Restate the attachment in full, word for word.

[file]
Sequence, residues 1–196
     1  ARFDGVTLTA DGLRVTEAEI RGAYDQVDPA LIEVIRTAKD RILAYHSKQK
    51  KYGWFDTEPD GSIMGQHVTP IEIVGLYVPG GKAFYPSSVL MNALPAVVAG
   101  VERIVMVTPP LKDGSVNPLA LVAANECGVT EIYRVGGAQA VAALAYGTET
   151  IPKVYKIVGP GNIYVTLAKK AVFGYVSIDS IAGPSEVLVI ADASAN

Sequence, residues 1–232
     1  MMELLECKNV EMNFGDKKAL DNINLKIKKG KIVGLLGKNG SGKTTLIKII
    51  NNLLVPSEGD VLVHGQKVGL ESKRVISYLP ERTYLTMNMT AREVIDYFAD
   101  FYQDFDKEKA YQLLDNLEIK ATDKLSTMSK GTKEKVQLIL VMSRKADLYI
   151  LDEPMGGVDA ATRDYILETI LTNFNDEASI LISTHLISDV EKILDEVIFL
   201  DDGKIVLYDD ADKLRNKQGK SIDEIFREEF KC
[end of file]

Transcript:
Sequence, residues 1–196
     1  ARFDGVTLTA DGLRVTEAEI RGAYDQVDPA LIEVIRTAKD RILAYHSKQK
    51  KYGWFDTEPD GSIMGQHVTP IEIVGLYVPG GKAFYPSSVL MNALPAVVAG
   101  VERIVMVTPP LKDGSVNPLA LVAANECGVT EIYRVGGAQA VAALAYGTET
   151  IPKVYKIVGP GNIYVTLAKK AVFGYVSIDS IAGPSEVLVI ADASAN

Sequence, residues 1–232
     1  MMELLECKNV EMNFGDKKAL DNINLKIKKG KIVGLLGKNG SGKTTLIKII
    51  NNLLVPSEGD VLVHGQKVGL ESKRVISYLP ERTYLTMNMT AREVIDYFAD
   101  FYQDFDKEKA YQLLDNLEIK ATDKLSTMSK GTKEKVQLIL VMSRKADLYI
   151  LDEPMGGVDA ATRDYILETI LTNFNDEASI LISTHLISDV EKILDEVIFL
   201  DDGKIVLYDD ADKLRNKQGK SIDEIFREEF KC